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Printed from https://www.Writing.Com/view/2195642
Rated: E · Fiction · Comedy · #2195642
Everything goes wrong until it doesn't
My alarm woke me precisely at 7:00 am as I programmed it to do. I had already worked out the exact amount of time it would take me to shower, dress and get an Uber downtown in order to be at the interview with Mr. Morris at 9:00 am on the dot. Precision was key, as Mr. Morris was a stickler for punctuality. It was rumored that Morris once rejected an applicant whose client list would have brought millions of dollars worth of business into the firm of Harrison, Lee, Morris & Waldo simply because he arrived five minutes late to their meeting.

Because of this rather stuffy attitude towards business, there was some question in my mind as to how and when Mr. Waldo had proved himself sufficiently worthy to prompt Messrs. Harrison, Lee and Morris to invite him to append his rather unusual moniker to the name of their prestigious firm. I could only imagine it was something heroic- well, heroic in terms of the law. And since the law doesn’t present many opportunities for heroism, I was very impressed without having to know the details.

I was determined to be impressive as well this morning, which is why I emptied my savings account in order to purchase this new suit. A risk, but one worth taking if I were to be hired. A career at a high-powered law firm would ensure a profitable future. I was going to walk into Morris’ office looking like I belonged there.

My Uber was right on time and I arrived at the office address with enough time to admire my new suit in the mirrored glass of the office building’s front windows. As I entered the elevator and pressed the button for the 14th floor, I started rehearsing once more in my mind the questions I anticipated receiving and my responses. I wasn’t nervous, but I wasn’t exactly relaxed. This was the most important morning of my life.

And then, it happened. When the elevator stopped on Eleven, I assumed it was to let someone on, or to let the funny little man who was riding with me to exit. I was hoping it would be the latter. But no one got on and to my dismay, my elevator companion did not get off. The doors did not open at all.

It took me exactly 45 seconds to realize that the doors should have opened. I know this because I was precisely timing my arrival at Mr. Morris’ office. And I knew that if the elevator didn’t start moving again in the next minute, I would be late.

The elevator did not move. I hate to admit it, but I was panicking. I picked up the red emergency phone in the panel and was connected with the Maintenance Supervisor’s office. I was told that he was not in today and so was not available to assist me. I am not sure what words I used to convey my urgency to the young man on the other end of the line, but they were sufficiently colorful to make my elevator companion view me with what I think was a wide-eyed surprise. It was hard to tell beneath those thick, black glasses he wore. The young man on the emergency line suggested that if I could not wait thirty minutes for the fire department to arrive, one of us could climb through the skylight in the ceiling and press the emergency release for the doors located on top of the elevator. I didn’t have to ask my fellow traveler if he wanted to try. He was short and round and his portly frame wouldn’t fit through the skylight even if he could get up there - which he couldn’t.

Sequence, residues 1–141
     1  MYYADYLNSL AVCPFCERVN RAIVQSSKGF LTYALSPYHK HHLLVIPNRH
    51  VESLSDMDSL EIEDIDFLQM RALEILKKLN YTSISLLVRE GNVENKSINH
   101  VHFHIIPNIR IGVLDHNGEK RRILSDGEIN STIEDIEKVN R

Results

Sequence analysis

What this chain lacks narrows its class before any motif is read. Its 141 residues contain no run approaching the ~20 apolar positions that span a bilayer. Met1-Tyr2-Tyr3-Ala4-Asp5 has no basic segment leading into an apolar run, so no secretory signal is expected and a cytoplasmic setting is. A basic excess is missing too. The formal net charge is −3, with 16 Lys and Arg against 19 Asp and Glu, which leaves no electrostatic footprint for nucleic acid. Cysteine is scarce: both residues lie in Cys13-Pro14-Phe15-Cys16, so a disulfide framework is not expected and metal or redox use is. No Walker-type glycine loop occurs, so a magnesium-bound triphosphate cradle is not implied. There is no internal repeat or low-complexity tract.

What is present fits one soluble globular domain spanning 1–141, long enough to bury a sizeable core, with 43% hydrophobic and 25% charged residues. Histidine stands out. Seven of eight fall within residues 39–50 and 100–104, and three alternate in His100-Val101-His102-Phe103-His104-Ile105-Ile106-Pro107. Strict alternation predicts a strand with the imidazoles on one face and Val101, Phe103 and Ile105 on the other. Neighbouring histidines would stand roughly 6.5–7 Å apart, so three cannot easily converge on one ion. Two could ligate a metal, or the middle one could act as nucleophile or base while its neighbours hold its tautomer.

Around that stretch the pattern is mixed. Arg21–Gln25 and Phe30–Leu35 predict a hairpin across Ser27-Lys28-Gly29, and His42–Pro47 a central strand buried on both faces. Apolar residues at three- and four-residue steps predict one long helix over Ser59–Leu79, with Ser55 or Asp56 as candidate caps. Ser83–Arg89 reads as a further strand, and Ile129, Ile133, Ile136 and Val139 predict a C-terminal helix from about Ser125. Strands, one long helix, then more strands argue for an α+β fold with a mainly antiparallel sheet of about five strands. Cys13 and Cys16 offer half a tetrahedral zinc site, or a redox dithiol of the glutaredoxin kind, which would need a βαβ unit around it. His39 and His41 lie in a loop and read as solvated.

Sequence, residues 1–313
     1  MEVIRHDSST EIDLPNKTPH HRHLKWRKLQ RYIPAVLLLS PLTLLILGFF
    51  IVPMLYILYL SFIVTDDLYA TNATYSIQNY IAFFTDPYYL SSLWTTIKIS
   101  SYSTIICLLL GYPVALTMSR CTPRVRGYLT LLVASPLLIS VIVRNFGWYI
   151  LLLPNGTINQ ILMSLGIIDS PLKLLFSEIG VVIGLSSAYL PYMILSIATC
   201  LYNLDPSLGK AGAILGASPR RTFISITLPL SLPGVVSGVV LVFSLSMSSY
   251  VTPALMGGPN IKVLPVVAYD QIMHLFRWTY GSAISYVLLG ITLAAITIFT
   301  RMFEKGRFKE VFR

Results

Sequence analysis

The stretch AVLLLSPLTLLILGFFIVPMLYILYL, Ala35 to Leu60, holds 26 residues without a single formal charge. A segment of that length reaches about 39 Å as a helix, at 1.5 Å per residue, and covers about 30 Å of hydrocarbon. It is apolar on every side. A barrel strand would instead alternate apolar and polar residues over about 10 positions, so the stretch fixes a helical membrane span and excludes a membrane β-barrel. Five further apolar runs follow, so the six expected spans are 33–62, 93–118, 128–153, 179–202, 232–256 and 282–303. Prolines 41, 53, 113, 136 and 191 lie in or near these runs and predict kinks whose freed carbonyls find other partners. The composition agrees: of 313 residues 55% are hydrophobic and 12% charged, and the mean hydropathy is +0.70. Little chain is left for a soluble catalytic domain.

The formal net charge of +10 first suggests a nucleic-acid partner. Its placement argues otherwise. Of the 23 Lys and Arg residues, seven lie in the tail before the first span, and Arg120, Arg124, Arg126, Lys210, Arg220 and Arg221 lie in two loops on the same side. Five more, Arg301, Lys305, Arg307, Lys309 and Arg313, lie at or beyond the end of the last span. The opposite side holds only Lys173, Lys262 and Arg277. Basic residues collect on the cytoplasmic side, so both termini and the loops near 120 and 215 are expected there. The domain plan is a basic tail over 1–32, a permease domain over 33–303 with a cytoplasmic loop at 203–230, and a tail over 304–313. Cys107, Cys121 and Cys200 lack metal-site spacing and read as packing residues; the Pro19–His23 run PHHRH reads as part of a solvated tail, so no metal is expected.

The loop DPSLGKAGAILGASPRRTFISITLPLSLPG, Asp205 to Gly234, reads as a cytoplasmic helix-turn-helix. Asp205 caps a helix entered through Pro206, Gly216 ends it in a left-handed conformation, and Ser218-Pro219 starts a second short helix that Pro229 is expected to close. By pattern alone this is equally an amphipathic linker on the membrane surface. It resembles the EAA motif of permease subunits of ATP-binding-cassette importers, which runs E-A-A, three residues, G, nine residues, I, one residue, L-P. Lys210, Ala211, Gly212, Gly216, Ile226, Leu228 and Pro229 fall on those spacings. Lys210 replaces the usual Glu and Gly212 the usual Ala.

It seemed the best solution to try to salvage my morning. I climbed through the small door in the ceiling and found the toggle switch after only a few minutes of rummaging around in the greasy darkness. The elevator doors opened and I bolted for the stairway.

I flew up those remaining flights of stairs and presented my sweaty, grease-stained, breathless self to Mr. Morris’ secretary a full 15 minutes late. I knew my chances were nil at this point, but I had to go through with it, on the off chance that Mr. Morris might consider a stuck elevator to be a reasonable excuse. I wasn’t hopeful.

After a few moments had passed, the secretary led me into an office, where I was instructed to wait for Mr. Morris, and not to sit on the furniture. It was five minutes of torture before the door opened again and Mr. Morris came through. To my surprise, he was followed by my little elevator companion. Morris held out his hand to shake mine.

“My associate, Mr. Waldo, tells me you rescued him from a stuck elevator,” he said. “Welcome to the firm.”

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